The Cincinnati Art Museum joined the Google Art Project in April 2013. The project features 3,000+ acclaimed art partners from more than 80 countries that work to preserve and promote culture online. This technology allows people around the world to explore the museum’s paintings, sculptures, and other objects in never-before-seen angles and in great detail on any device. The Art Project currently features over 500 works from the museum’s collection highlights and the Cincinnati Wing collection.
By the late 1970s New York City was the center of the international art world. Video, photography, sculpture, and performance dominated the avant-garde. Art historian Barbara Rose (1936–2020) resisted this trend. She reasserted the supremacy of painting by curating this exhibition in the Fall of 1979.
This collaboration between the Cincinnati Art Museum and the University of Cincinnati centers on Bernard Silberstein’s portraits of celebrated Mexican artist Frida Kahlo.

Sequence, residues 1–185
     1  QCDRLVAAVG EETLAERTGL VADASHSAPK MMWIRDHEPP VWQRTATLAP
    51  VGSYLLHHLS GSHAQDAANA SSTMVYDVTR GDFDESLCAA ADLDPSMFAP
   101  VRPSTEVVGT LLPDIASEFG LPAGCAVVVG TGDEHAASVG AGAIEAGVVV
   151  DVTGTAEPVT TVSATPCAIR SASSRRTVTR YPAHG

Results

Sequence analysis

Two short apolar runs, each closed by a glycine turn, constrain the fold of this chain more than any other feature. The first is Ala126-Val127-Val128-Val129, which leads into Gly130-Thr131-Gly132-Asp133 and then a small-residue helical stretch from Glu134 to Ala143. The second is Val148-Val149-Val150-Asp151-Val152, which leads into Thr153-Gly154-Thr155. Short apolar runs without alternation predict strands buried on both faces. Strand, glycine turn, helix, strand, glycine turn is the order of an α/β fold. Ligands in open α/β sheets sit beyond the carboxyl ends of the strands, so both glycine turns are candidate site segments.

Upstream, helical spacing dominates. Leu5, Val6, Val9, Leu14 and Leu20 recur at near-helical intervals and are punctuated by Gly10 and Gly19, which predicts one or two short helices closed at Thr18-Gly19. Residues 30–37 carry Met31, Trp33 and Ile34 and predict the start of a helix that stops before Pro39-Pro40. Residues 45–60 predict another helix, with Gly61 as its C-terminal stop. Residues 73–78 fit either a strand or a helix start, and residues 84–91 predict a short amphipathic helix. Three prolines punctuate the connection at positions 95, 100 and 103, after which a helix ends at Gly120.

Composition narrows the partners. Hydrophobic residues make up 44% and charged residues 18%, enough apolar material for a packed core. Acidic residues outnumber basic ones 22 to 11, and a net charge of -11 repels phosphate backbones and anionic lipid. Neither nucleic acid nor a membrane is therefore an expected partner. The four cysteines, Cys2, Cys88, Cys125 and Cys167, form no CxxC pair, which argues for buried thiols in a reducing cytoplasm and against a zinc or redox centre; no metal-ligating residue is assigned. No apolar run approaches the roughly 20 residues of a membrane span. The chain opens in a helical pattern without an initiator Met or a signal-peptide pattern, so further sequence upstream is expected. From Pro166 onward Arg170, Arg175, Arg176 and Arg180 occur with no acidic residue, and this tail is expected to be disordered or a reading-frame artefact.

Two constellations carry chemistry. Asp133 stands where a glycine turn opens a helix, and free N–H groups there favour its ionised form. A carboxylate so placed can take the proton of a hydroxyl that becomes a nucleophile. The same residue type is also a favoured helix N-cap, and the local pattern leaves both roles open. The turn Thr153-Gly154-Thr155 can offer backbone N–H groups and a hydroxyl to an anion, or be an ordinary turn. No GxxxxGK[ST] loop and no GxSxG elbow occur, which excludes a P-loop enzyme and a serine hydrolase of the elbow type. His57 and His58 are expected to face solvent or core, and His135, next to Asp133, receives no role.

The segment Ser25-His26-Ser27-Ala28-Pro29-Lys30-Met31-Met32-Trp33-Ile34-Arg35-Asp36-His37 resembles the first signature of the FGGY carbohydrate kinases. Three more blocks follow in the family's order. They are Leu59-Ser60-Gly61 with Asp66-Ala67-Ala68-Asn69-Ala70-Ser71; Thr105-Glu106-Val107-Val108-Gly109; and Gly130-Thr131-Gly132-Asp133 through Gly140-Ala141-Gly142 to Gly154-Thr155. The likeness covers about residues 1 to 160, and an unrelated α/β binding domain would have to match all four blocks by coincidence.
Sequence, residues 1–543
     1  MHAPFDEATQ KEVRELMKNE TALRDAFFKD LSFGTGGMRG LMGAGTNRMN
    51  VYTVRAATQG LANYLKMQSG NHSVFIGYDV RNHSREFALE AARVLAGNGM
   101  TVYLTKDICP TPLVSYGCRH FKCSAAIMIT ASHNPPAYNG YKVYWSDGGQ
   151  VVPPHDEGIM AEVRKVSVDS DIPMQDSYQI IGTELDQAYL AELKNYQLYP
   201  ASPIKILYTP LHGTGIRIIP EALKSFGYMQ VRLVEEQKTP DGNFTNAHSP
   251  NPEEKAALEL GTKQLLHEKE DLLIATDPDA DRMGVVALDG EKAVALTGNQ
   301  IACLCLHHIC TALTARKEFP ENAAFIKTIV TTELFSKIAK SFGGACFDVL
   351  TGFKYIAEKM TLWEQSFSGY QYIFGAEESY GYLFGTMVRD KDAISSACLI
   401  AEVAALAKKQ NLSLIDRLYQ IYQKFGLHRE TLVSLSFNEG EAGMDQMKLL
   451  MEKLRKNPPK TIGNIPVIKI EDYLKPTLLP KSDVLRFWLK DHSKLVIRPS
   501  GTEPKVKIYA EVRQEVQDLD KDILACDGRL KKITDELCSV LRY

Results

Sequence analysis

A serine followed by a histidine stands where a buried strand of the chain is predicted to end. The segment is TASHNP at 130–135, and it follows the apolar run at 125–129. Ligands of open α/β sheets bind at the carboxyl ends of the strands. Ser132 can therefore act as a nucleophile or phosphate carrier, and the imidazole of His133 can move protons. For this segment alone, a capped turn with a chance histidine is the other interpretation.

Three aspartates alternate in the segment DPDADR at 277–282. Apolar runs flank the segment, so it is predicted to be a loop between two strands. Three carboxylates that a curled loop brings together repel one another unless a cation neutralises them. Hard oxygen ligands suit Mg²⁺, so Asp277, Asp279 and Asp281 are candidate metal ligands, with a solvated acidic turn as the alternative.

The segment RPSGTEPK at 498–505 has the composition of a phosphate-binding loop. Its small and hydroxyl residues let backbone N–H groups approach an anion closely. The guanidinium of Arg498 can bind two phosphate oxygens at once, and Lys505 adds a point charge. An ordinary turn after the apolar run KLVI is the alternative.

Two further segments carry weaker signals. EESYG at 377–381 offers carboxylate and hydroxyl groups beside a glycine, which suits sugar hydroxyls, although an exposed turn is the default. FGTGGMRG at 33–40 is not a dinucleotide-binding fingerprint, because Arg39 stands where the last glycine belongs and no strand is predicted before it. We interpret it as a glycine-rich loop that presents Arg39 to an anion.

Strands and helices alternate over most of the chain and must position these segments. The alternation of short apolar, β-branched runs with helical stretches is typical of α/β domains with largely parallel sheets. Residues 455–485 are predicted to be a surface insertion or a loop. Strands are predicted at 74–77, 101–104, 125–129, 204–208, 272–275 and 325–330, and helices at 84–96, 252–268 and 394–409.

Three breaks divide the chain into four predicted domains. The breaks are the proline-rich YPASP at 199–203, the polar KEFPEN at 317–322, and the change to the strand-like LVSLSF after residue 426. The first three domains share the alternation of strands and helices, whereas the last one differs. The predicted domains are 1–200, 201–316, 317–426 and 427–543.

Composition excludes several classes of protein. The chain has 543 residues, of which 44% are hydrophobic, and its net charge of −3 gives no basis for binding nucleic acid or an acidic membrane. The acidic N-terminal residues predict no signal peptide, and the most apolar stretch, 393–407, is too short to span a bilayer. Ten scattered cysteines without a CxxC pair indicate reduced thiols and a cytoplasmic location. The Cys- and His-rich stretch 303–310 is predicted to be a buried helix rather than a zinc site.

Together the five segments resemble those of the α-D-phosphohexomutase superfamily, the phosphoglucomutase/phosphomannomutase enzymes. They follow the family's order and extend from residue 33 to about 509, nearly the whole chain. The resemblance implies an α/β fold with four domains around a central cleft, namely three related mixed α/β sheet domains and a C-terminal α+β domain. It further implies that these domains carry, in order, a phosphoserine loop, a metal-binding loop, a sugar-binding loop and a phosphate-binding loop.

Exploring the Art Academy of Cincinnati's connection to WW1 through The Mary R. Schiff Library and Archives.
The history of African American artistic identity in the Queen City during the 19th century is best studied through the work of Robert S. Duncanson.
Deeply loved for his richly emotional art, Rembrandt Harmensz van Rijn (1606–1669) is one of the world’s most recognized artists.
Ornamental Hairwork in Jewelry and Portrait Miniatures from the Cincinnati Art Museum.
This Google exhibition is inspired by Slow Art Day 2020. Each year people all over the world visit local museums and galleries on Slow Art Day to look at art slowly.
For twenty-eight days in June 2020, the Cincinnati Art Museum responded to the murder of George Floyd by sharing art from our collection on our social media accounts by BIPOC (Black, Indigenous, People of Color). We selected works by artists whose art speak to issues of social justice and which call for social change. Included here are a selection of those works accompanied by a quote from each artist.